“With my younger clients, this may mean cutting back on work hours to make up more time, not feeling the urgency or need to move up the corporate ladder, or risking working with a startup or even starting your own business.” he says. “Work should be something that helps you fulfill your purpose, not something that just pays for a lifestyle.”

Like any other lifestyle, FIRE has pros and cons.

Financial adviser Matt Hudgins of Mosaic Wealth Management says he believes the FIRE movement has many advantages, including the fact that its supporters focus on investing early and learning to live within their means. However, he has serious concerns about how users put their plans into action.

For example, Hudgins says he wants to make sure FIRE enthusiasts are planning for a long lifespan. His grandmother just passed away at age 99, he says, and advances in medical technology could see many of us living longer than we think.

Meanwhile, Hudgins points out that health care costs are rising faster than inflation, and often faster than the markets themselves.

If you’re looking to retire early but don’t have a plan that makes sense for an extended lifespan or incorporates rising medical costs, you could find yourself in a bind later when it’s too late to do anything about it.

FIRE enthusiasts should hope for the best but plan for the worst.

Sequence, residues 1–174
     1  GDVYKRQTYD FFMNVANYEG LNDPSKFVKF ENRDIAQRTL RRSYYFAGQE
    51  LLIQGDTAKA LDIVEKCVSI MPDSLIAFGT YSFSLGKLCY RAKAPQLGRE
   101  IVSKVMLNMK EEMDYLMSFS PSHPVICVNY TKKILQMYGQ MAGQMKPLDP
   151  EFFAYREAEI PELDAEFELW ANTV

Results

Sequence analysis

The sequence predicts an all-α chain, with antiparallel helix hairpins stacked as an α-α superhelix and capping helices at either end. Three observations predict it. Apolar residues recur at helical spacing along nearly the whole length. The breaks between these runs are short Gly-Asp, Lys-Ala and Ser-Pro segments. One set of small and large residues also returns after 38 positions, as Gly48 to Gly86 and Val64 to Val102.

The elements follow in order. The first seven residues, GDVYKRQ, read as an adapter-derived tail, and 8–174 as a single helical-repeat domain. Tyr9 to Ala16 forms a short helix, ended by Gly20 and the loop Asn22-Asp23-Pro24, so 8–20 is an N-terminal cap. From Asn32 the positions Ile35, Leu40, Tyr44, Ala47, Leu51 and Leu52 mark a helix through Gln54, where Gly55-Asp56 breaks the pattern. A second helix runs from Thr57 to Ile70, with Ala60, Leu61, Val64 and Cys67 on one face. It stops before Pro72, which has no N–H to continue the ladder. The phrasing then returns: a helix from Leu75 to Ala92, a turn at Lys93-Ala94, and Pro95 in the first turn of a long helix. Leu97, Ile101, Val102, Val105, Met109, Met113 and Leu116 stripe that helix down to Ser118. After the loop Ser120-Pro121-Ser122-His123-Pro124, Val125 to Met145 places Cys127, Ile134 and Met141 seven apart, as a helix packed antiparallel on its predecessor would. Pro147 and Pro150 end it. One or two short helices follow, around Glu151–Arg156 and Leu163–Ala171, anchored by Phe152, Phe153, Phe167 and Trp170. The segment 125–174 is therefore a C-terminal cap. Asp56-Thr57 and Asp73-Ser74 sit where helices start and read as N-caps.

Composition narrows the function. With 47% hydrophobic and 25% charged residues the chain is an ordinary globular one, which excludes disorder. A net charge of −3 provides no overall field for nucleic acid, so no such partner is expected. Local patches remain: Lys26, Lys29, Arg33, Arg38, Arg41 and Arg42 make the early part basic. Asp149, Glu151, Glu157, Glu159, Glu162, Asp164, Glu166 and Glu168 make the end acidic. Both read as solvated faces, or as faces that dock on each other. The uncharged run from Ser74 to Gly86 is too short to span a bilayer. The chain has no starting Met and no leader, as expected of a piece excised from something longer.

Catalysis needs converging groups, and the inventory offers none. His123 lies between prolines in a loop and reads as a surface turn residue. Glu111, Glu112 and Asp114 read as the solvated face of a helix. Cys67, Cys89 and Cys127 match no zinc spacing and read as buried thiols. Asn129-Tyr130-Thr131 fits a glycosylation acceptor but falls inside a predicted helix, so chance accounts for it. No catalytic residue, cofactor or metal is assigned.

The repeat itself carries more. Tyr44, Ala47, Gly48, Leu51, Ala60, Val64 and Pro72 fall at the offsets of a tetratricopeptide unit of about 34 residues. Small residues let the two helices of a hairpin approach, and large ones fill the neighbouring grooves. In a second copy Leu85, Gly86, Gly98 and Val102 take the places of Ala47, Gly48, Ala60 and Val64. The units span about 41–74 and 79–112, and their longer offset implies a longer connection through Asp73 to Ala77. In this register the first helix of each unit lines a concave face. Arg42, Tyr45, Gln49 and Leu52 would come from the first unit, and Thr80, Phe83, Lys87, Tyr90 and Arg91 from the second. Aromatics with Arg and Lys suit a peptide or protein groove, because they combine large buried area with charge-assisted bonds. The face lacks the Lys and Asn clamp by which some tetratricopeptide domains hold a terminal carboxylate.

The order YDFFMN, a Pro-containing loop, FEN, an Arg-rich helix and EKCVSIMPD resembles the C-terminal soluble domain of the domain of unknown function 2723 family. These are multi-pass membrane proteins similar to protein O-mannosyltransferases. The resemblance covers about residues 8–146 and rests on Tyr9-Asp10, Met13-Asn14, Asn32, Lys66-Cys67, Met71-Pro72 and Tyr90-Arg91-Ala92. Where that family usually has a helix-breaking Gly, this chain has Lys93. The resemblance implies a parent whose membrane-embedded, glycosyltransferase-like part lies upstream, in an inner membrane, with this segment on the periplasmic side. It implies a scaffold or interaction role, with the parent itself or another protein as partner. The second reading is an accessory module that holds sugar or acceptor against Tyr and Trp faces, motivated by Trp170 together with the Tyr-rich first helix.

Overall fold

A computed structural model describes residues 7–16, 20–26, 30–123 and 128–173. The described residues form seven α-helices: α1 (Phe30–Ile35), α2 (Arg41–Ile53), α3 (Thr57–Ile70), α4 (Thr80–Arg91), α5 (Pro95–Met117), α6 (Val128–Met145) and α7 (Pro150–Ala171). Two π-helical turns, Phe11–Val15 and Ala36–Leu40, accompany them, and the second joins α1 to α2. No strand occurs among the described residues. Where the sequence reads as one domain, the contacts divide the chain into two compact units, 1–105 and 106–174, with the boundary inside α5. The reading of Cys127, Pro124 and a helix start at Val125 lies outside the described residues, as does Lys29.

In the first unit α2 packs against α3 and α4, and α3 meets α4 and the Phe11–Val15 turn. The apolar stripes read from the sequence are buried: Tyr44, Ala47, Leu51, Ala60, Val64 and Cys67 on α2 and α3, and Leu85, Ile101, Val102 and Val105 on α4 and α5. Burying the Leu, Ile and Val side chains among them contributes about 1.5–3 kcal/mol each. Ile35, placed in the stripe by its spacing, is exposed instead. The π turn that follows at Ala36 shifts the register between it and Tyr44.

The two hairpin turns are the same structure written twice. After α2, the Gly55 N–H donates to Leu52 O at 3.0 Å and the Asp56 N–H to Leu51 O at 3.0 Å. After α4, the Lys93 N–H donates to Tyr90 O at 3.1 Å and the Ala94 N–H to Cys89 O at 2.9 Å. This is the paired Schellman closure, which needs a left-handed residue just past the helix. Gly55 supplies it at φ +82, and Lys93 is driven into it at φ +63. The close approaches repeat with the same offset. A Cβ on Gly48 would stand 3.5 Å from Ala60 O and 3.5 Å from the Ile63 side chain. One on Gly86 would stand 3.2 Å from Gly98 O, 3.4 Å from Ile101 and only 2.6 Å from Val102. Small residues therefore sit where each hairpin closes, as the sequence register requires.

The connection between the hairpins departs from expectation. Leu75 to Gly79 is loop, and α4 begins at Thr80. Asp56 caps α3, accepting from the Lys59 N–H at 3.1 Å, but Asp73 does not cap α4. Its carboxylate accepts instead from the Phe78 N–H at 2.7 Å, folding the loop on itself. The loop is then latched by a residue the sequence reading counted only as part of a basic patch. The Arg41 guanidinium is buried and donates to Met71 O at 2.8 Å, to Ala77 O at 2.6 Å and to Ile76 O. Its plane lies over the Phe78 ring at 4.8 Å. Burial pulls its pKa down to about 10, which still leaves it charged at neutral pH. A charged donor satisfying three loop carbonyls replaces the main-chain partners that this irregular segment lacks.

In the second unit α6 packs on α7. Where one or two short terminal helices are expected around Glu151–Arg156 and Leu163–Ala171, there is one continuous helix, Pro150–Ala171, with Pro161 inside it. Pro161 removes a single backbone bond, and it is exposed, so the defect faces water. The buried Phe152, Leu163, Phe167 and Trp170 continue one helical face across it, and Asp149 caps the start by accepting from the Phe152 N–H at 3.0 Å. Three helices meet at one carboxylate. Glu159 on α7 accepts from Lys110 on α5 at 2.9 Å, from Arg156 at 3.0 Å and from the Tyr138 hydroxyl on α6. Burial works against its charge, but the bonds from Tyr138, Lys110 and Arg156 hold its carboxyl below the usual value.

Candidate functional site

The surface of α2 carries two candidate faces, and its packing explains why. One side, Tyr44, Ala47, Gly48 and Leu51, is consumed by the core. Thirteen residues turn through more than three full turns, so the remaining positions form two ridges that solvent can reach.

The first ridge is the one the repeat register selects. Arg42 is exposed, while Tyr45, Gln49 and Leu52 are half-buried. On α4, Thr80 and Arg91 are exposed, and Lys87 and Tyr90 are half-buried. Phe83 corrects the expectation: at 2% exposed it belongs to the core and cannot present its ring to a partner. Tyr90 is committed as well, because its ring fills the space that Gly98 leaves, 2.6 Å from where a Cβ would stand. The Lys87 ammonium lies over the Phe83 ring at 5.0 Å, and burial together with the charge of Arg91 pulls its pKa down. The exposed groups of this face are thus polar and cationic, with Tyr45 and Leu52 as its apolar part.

Financial advisor Melissa Joy of Pearl Planning noted that the FIRE movement has really taken off over the last decade, meaning the movement’s popularity hasn’t been tested by a prolonged economic downturn or


bear market

for actions

In fact, the Dow Jones Industrial Average has only seen two years down since 2008 (-2.23% in 2015 and -5.63% in 2018), and the S&P 500 saw similar losses during the same two years (- 0.73% in 2015 and -6.24% in 2018). In the meantime, we all know that the stock market has been on a long bull run over the last decade. In 2021 alone, the Dow Jones and S&P 500 are up 16.32% and 25.08% respectively (at the time of writing).

We can hope that those planning for early retirement are building portfolios that can last through good times and bad, but the last decade may be setting an unrealistic precedent.

“Some will have built plans that can support another great


recession

says Joy. “Others won’t be seaworthy.”

FIRE made personal finance great, but it’s not accessible to everyone

Finally, financial advisor Eric Schrum of The Christian Retirement Show says that the FIRE movement transformed financial education and planning from a boring topic his father talked about at dinner parties into something interesting and relevant for a new generation.

However, he acknowledges that the movement is mostly pursued by wealthy professionals who are already doing well. That’s not terrible in and of itself, but he hopes the movement and its basic tenets will continue to spread.

“My hope is that the same awareness of financial education that FIRE started in high-income millennials can flow to the less fortunate so they too can set themselves up for financial success,” says Schrum.